There is a special hell for those who analyse comedy as if it added anything to the joke, but with musical comedy I think I’ll risk it – there’s a few factors playing about: the lyrical (the puns and incongruous rhymes), the musical (parody and allusion, timing), the characters (the narrator’s voice, usually the butt of the tale) and then the visual (Tim Minchin’s stare, Bill Bailey’s hair, Jemaine’s pout) which this and their debut – effectively just soundtrack albums – obviously can’t convey.
The Conchords have buckets of each element, but the audio-only version isn’t the place to start. (For those of you not yet hooked to the series, in it the songs act to breakup the fantastic deadpan tension that the awful protagonists generate just by being themselves, and without the visual cues the songs were written to, some of the songs fall short.)
Anyway, it opens incredibly well – the note-perfect “Hurt Feelings” is as great as the first album’s “Hiphopopotamus vs. Rhymenoceros” each takes thug-rap and points it in a wonderfully inappropriate direction, a spot-on back-and-forth flow about being a sensitive gangsta.
Then there’s “Fashion Is Danger”’s callouts to Thatcher and Reagan. Holla, girl.
The second series and its songs have been accused of unoriginality, which is something of a dense accusation to make of any form of parody. The set is perhaps overladen with cheap RnB or hiphop send-ups – are there any easier targets in music than the Black Eyed Peas? It’s also not hard to see that they have narrowed, going from their earlier encapsulation of whole styles and genres to more straight-up Weird Al spoofs of specific songs – “You Don’t Have To Be A Prostitute” from the Police’s “Roxanne”, “Sugalumps” from the Black Eyed Peas’ “My Humps”, “We Both In Love With A Sexy Lady” from the R Kelly/Usher duet “Same Girl” and the Dark 80s Bowie mash-up of “Fashion Is Danger.”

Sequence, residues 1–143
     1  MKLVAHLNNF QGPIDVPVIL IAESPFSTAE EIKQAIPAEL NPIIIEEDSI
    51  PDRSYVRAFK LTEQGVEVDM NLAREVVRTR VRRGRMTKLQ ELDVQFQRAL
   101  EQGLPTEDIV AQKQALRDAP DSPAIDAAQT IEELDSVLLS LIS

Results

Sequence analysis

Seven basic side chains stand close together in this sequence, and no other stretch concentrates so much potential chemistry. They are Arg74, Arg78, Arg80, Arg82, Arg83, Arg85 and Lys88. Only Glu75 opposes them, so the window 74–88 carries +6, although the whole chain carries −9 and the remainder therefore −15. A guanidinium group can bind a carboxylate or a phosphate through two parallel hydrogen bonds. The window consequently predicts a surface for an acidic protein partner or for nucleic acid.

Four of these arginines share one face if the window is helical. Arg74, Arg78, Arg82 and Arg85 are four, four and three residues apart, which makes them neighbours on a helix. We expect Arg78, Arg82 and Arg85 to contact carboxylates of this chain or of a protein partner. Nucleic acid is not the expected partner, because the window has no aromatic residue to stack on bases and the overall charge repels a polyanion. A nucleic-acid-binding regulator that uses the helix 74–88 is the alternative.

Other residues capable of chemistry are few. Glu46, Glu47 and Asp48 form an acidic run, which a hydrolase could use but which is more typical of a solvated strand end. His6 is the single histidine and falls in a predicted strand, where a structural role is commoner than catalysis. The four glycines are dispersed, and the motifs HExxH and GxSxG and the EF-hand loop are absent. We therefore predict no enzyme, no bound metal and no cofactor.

The quasi-covers aren’t bad songs in any sense – “Sugalumps” in fact gets transcendent when it moves through a Fresh Prince bridge into a fantastic Motown movement – but they are lazier, closer to novelty pieces. And we relisten to musical comedy – if at all – when it manages to get beyond novelty and into tiny universal truths, here best represented by a rare reprieve from the hard backbeat, “Rambling Through the Avenues of Time”:
‘Yes, the girl I described, she’s as real as the wind,
It’s true I saw her today,
The other details are inventions
Because I prefer her that way.’
…and the glorious choir of Jemaine’s exes, “Carol Brown.”
Each of the duo has an incredible voice, but the loveably-awful characters they don bind them, flatten them down; the musical part of the gag seems to rely on their being a bit amateurish. This is most clear on the numbers which flop in the other areas – particularly “Demon Woman”, Slavic shanty “Petrov, Yelyena And Me”, the limp “Friends” and even the title track.
They are still best-in-class – especially if we take, say, the turgid Lonely Planet in comparison – and still funny at their worst. But unless you’re really jonesing for a portable fix of digibongo acapella-rap-funk, you should just spend the extra £5/$10 or so and get the second series boxset; the magical pokerfaced awkwardness of that renders even the thin moments on this admirable.
© Gavin Leech